My hands know the sadness of rock,
of unfinished lines and rough

sides tapering to sharpness.
The shape of solitude, turning.

Now the stones fall as water,
a woman lets down her hair

and laughter chokes through silence.
Into this dream I ascend.



36 thoughts on “Hail

  1. Pingback: Hail | Celfypridd

  2. So, with your rock’s sublimation into water (and the ensuing “falling up”), I’m now thinking about a realization I had recently — that bone is no less tissue in its own right than flesh… But what constitutes the difference in both cases? Under what circumstances do hands learn the rock’s sadness? Loneliness? The expectation that they ought to be something in particular, or worse, that not enough is expected of them? I like the thought-path this piece invites.

    Liked by 1 person

    • The obvious answer is the difference lies in the ways they manifest. But that’s a simplistic view. As for the rock’s sadness, perhaps the poet is projecting his own little sadness – in this case, a realization of limitation, that working with stone – building stacked rock walls, etc., is no longer viable (one needs good knees). So the rock learns the hands’ sadness. Or not. But such is the path of that first line.

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    • Perhaps the hands know the sadness of rock as the flesh knows the sadness of bone. Bone performs with the body as rock performs with earth, spacing and separating flesh to maximize synchrony, expressing intention, a harmony of elements…and values. So the face of earth changes as rock ages, changes contour, records time. The slow symphony of unending bardo.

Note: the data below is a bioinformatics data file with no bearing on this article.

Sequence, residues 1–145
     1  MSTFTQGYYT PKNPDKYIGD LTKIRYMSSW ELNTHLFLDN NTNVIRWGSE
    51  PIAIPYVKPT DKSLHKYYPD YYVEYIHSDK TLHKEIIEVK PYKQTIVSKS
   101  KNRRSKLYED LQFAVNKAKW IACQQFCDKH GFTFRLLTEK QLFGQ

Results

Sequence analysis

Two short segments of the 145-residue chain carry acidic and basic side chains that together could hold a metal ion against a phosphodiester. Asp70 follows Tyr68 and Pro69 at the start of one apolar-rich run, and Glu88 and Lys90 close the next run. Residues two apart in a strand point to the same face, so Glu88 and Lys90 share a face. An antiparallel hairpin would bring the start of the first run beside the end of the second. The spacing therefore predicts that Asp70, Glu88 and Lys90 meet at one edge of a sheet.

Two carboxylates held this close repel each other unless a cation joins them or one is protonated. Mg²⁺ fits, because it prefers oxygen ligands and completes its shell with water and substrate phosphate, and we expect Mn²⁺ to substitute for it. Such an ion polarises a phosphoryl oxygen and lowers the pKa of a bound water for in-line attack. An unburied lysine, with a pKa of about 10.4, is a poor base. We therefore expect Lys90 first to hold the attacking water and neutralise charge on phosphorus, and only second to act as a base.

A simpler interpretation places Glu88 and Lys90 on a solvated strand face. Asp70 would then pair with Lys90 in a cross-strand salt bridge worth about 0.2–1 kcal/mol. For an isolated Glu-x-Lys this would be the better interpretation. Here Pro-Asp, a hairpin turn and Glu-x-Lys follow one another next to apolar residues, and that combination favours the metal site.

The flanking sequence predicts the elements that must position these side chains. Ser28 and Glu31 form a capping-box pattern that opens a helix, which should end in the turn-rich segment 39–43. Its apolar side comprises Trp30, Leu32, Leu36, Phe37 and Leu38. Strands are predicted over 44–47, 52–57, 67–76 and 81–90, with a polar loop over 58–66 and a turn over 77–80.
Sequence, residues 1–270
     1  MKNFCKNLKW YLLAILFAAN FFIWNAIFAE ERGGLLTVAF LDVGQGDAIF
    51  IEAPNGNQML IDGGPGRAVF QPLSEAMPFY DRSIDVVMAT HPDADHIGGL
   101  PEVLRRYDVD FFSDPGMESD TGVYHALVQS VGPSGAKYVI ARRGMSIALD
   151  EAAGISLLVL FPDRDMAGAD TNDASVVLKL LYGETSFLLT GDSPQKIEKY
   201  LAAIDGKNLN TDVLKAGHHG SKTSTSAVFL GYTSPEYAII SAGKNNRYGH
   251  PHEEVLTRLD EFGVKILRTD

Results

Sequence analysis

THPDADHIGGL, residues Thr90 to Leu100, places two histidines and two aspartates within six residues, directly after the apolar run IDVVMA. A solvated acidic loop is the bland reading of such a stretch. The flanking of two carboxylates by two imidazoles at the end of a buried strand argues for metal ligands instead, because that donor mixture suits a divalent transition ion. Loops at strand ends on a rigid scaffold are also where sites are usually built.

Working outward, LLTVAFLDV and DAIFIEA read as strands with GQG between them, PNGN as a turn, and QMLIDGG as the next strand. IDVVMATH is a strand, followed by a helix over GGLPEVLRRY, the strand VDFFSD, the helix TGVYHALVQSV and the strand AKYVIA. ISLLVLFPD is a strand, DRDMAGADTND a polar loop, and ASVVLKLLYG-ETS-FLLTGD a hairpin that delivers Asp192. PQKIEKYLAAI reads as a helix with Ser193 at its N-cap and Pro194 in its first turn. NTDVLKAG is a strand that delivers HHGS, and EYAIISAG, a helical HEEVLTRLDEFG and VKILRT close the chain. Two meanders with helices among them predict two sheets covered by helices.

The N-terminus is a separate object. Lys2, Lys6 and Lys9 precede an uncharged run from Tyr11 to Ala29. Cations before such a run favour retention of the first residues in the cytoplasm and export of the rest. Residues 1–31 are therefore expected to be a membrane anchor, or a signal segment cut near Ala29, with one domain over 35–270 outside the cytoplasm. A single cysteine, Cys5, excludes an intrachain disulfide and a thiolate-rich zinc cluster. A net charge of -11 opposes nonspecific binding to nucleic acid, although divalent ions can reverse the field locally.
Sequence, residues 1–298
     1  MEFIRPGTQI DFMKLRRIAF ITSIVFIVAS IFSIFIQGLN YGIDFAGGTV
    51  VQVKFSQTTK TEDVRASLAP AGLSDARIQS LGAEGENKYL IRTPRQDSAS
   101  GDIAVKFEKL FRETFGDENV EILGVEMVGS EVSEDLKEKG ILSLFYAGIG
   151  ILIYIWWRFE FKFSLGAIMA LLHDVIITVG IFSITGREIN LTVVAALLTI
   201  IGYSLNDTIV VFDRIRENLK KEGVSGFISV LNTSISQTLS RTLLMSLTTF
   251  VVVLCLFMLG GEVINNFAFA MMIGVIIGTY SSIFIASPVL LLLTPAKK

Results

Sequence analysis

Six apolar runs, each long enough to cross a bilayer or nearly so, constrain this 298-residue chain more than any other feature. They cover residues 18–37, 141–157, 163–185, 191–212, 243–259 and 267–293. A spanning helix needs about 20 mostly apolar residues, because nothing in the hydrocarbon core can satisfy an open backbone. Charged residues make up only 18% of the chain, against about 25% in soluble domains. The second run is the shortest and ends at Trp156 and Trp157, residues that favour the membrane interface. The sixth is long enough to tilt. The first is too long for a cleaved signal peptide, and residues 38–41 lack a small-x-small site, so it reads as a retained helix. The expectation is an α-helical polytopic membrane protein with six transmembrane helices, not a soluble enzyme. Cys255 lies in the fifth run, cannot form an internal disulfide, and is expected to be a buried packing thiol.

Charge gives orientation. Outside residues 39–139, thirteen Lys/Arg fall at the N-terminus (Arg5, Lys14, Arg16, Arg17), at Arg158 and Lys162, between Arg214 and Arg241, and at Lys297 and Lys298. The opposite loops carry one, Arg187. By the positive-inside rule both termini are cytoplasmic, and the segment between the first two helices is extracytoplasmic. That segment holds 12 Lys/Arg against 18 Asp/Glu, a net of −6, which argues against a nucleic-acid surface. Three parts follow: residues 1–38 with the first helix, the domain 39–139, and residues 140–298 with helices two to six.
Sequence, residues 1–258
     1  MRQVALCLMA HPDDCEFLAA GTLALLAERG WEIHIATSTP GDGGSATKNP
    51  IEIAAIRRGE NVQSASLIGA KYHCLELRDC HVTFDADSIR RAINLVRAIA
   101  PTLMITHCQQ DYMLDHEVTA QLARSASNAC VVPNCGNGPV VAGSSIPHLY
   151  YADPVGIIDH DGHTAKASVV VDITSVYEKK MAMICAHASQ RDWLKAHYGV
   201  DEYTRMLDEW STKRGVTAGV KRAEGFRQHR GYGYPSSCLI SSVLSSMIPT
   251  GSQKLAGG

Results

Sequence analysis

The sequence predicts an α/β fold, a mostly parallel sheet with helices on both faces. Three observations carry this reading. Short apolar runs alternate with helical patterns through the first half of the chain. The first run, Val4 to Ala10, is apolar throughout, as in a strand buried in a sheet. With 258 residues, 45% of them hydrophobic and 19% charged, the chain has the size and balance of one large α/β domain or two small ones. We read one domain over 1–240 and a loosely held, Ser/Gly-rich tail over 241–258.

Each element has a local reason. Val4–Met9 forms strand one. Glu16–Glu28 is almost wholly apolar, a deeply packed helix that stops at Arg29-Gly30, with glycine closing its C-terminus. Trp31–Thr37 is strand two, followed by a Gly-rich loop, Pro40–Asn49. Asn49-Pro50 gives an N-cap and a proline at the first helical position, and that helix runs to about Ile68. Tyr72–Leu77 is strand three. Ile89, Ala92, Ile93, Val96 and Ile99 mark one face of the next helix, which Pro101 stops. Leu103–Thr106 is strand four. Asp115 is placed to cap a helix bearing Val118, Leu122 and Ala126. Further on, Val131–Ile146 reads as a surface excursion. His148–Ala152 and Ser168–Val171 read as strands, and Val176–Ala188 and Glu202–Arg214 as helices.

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      • “spacing and separating flesh to maximize synchrony, expressing intention, a harmony of elements…and values.”


        The intention of inviting space — so hard for bone, particularly when flesh insists on advancing its own, often maladaptive ideas! But definitely not impossible, as I’m coming to learn slowly but surely through studying Alexander Technique — constitutes the difference between embracing change and attempting to defy it, and ultimately sets the tone for how we inhabit the “unending bardo” of our bodies.
        Sadness can be that quality in us which either acknowledges pain, mourns, and then participates in necessary (a.k.a. unavoidable) change, or experiences pain as the void of purgatory. Sir Robert’s poem speaks to the former, I think!

        Liked by 1 person

  3. This really brought me back to my rock climbing days and a particular week spent climbing in Yosemite. One of the beauties of a poem is how it evokes unique personal reactions, I see this as I compare mine to those of others in the comments.

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  4. This is such a unique poem. Strange but beautiful picture created in my mind. It makes me think. Keep writing, I love your prose and look foward to reading it.

    Liked by 1 person

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